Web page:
Practice Solving Expressions with the Order of Operations
The rules for solving mathematical expressions give you a way to decide the order in which an expression gets evaluated. This set of rules is called the order of operations (or sometimes, the order of precedence). Here’s the complete order of operations for arithmetic:

Contents of parentheses from the inside out

Powers from left to right

Multiplication and division from left to right

Addition and subtraction from left to right
Sample question

Evaluate [(8 x 4 + 2^{3}) / 10]^{7–5}.
16. Start by focusing on the inner set of parentheses, evaluating the power, then the multiplication, and then the addition:
[(8 x 4 + 2^{3}) / 10]^{7–5}
= [(8 x 4 + 8) / 10]^{7–5}
= [(32 + 8) / 10]^{7–5}
= [40 / 10]^{7–5}
Next, evaluate what’s inside the parentheses and the expression that makes up the exponent:
= 4^{7–5} = 4^{2}^{}
Finish by evaluating the remaining power: 4^{2} = 16.
Practice questions

Evaluate 1 + [(2^{3} – 4) + (10 / 2)^{2}].

(–7 x –2 + 6^{2} / 4)^{9×2–17}^{}

What is {6^{2} – [12 / (–13 + 14)^{2}] x 2}^{2}?

Find the value of [(123 – 11^{2})^{4} – (6^{2} / 2^{20–3×6})]^{2}.
Following are the answers to the practice questions:

1 + [(2^{3} – 4) + (10 / 2)^{2}] = 30.
Start by focusing on the first of the two inner sets of parentheses, (2^{3} – 4). Evaluate the power first and then the subtraction:
1 + [(2^{3} – 4) + (10 / 2)^{2}] = 1 + [(8 – 4) + (10 / 2)^{2}] = 1 + [4 + (10 / 2)^{2}]
Continue by focusing on the remaining inner set of parentheses:
= 1 + [4 + 5^{2}]
Next, evaluate what’s inside the last set of parentheses, evaluating the power first and then the addition:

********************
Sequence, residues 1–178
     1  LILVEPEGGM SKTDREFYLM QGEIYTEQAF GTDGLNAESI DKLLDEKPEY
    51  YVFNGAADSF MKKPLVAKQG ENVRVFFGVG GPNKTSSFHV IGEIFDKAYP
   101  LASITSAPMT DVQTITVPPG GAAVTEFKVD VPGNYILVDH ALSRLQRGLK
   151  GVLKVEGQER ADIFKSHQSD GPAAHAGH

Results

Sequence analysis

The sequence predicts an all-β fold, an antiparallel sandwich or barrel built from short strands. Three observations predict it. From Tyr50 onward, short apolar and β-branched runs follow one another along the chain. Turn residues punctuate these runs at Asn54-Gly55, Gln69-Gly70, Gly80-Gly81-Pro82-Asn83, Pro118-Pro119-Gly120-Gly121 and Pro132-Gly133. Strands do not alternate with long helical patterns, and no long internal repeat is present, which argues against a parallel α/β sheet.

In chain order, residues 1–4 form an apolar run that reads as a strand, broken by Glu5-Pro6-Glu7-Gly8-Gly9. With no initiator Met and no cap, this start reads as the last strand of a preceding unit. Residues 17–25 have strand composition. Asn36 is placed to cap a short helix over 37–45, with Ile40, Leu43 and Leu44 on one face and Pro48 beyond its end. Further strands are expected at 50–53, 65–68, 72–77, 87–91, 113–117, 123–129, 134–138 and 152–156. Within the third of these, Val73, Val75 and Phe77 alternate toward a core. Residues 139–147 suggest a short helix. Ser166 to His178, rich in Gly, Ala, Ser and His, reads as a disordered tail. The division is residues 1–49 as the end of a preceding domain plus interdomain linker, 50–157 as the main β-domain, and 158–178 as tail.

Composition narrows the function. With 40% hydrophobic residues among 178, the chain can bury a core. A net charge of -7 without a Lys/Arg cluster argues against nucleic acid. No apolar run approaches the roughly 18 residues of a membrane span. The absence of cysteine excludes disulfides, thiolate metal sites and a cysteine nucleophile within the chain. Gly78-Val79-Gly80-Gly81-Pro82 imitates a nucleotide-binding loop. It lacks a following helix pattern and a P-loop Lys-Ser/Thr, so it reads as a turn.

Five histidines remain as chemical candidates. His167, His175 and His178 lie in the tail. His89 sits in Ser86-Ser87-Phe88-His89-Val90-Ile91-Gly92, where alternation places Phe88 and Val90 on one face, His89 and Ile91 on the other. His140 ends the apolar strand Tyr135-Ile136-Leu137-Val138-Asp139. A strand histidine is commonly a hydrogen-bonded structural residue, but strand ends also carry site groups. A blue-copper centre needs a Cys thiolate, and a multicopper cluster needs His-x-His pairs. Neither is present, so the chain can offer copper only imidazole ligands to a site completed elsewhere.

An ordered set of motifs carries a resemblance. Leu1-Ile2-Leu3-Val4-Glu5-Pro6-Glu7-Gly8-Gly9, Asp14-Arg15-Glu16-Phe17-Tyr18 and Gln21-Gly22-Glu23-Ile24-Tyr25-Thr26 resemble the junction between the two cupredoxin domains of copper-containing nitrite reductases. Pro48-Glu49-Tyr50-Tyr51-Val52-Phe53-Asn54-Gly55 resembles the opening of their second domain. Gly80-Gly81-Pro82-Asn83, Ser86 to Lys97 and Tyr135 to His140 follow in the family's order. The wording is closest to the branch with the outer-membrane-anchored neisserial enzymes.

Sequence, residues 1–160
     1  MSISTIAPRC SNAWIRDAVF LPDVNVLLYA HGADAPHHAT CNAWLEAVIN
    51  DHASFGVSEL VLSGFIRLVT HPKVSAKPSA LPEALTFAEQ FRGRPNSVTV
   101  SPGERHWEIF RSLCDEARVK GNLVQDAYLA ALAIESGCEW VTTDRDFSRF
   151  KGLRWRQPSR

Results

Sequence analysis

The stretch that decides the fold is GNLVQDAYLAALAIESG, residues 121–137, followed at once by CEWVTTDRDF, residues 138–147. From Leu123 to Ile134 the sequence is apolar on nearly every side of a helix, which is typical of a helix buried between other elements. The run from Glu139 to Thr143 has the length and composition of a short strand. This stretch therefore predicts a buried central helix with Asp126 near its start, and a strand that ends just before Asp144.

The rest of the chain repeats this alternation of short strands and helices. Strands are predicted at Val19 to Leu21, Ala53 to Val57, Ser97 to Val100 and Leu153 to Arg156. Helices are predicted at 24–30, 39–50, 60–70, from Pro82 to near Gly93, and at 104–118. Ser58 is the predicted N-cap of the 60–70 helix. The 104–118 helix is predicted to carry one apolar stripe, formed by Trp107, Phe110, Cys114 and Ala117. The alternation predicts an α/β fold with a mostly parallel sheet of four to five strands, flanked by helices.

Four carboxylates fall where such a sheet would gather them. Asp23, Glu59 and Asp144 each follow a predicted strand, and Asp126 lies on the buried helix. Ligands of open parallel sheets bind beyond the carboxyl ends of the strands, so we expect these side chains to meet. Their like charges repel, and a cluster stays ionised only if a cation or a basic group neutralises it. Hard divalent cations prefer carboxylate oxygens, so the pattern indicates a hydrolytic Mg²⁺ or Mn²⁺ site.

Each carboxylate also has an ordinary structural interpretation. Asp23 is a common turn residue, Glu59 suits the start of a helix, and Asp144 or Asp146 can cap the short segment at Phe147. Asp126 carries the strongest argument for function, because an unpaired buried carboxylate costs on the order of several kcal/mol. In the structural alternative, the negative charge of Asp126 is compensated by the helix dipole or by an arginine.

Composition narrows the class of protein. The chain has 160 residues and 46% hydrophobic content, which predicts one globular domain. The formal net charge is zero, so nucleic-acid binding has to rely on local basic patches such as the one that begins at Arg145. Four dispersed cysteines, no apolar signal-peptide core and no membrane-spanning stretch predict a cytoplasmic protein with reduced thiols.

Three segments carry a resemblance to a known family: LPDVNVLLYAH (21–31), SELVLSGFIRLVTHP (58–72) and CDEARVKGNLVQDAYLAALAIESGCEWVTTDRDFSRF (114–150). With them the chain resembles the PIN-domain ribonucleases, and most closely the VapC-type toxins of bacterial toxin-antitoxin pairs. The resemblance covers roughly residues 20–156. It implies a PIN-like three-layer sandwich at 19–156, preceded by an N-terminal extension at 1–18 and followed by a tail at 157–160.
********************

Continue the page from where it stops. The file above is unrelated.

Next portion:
= 1 + [4 + 25] = 1 + 29
Finish by adding the remaining numbers:
1 + 29 = 30

(–7 x –2 + 6^{2} / 4)^{9×2–17} = 23.
Start with the first set of parentheses. Evaluate the power first, then the multiplication and division from left to right, and then the addition:
(–7 x –2 + 6^{2} / 4)^{9×2–17}
= (–7 x –2 + 36 / 4)^{9×2–17}
= (14 + 36 / 4)^{9×2–17}
= (14 + 9)^{9×2–17}
= 23^{9×2–17}
Next, work on the exponent, evaluating the multiplication first and then the subtraction:
= 23^{18–17} = 23^{1}
Finish by evaluating the power:
23^{1} = 23

{6^{2} – [12 / (–13 + 14)^{2}] x 2}^{2} = 144.
Start by evaluating the inner set of parentheses (–13 + 14):
{6^{2} – [12 / (–13 + 14)^{2}] x 2}^{2}
= {6^{2} – [12 / 1^{2}] x 2}^{2}
Move outward to the next set of parentheses, [12 / 1^{2}], evaluating the power and then the division:
= {6^{2} – [12 / 1] x 2}^{2}
= {6^{2} – 12 x 2}^{2}
Next, work on the remaining set of parentheses, evaluating the power, then the multiplication, and then the subtraction:
= {36 – 12 x 2}^{2}
= {36 – 24}^{2}
= 12^{2}
Finish by evaluating the power:
12^{2} = 144

[(123 – 11)^{2})^{4} – (6^{2} / 2^{20–3×6})]^{2} = 49.
Start by working on the exponent, 20 – 3 x 6, evaluating the multiplication and then the subtraction:
[(123 – 11)^{2})^{4} – (6^{2} / 2^{20–3×6})]^{2}
= [(123 – 11)^{2})^{4} – (6^{2} / 2^{20–18})]^{2}
= [(123 – 11)^{2})^{4} – (6^{2} / 2^{2})]^{2}
The result is an expression with two inner sets of parentheses. Focus on the first of these two sets, evaluating the power and then the subtraction:
= [(123 – 121)^{4} – (6^{2} / 2^{2})]^{2}^{}
Work on the remaining inner set of parentheses, evaluating the two powers from left to right and then the division:
= [2^{4} – (36 / 2^{2})]^{2}
= [2^{4} – (36 / 4)]^{2}
= [2^{4} – 9]^{2}
Now evaluate what’s left inside the parentheses, evaluating the power and then the subtraction:
= [16 – 9]^{2}
= 7^{2}
Finish by evaluating the power: 7^{2} = 49.